Parents Who Think Delaying Kindergarten a Year Gives Kids a Head-Start Need to Read This

Mom Moment 53

Does it seem like more and more parents are keeping their autumn-born children home from school for an extra year before they enroll them in kindergarten? It’s not in your head. Statistics show that more kids than ever are 6 instead of 5 when entering school these days.

The rationale makes sense. Parents generally want to give their kids the best chance, right? Why not start them a year later when they’re in that questionable, when-do-I-start-them time frame?

I had to confront this issue when my eldest started school. Her birthday is September 26. Her school’s cutoff date was September 1, but they allowed potential students to test in early, so long as his or her birthday was before December 1. We tested, she got in, and she started kindergarten a few weeks before her fifth birthday.

She is now the third youngest in her fifth grade class, and there are kids that are a full year or more older than her. And you know what? She’s doing just fine. I won’t lie ... some things have been more difficult throughout the years than if she’d had that extra year ... but nothing major. She gets good grades, she has great friends, and overall she is a spectacular kid.

But still there’s that worry that runs in the back of my brain (because I’m a mom and that’s what we do -- duh) that I have somehow done her wrong by starting her in school earlier rather than later.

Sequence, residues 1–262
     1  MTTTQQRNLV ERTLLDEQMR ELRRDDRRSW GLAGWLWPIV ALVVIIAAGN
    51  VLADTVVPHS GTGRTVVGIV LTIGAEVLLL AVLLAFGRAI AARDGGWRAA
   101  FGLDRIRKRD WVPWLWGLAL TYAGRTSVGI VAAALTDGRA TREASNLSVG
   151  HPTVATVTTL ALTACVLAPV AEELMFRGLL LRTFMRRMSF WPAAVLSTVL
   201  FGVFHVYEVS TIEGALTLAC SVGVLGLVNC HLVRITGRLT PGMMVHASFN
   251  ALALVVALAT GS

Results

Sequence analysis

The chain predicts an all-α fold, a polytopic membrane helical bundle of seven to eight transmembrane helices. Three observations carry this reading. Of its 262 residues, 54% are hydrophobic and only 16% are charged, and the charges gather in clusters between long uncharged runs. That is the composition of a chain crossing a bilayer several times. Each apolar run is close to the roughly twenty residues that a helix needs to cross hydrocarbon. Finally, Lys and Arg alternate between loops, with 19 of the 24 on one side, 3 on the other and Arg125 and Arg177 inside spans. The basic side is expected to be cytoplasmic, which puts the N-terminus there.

So you can imagine how excited I was to find out that several long-term studies have recently come to light that show that younger students typically fare better later in life than older students do.

Think about it ... there is an almost un-doubtable advantage for a 6-year-old over a 5-year-old in the same kindergarten classroom. But what’s the difference between a 25-year-old and a 26-year-old in the workplace? Who do you think is likelier to fare better at that point ... the 26-year-old that was always ‘advanced’ in school, or the 25-year-old that always had to work a bit harder to keep up?

I’m sure it’s not a hard and fast rule, but I’m glad to know that some of the more difficult aspects of being among the youngest in class might actually be to my daughter's benefit someday.

Do you have an older or younger student in their grade? What made you decide to enroll them in school when you did?


Image via woodleywonderworks/Flickr

back to school, behavior, education, elementary school, grades, high school, in the news, kindergarten


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kjbug... kjbugsmom1517

We have June beats and the cut off use to be Oct now its end of July. So my youngest is def one of the youngest. My oldest is one of the youngest but she's kind of in between. We sent them because they were ready. Plain and simple. We didn't have valid reason to wait and they both have done fabulous so far and my youngests teacher just told me yesterday that she is very mature for being one of the youngest. So I think we did the right thing not waiting for sure with her. My oldest struggles to mature but we aren't sure if its add related.

nonmember avatar Desiree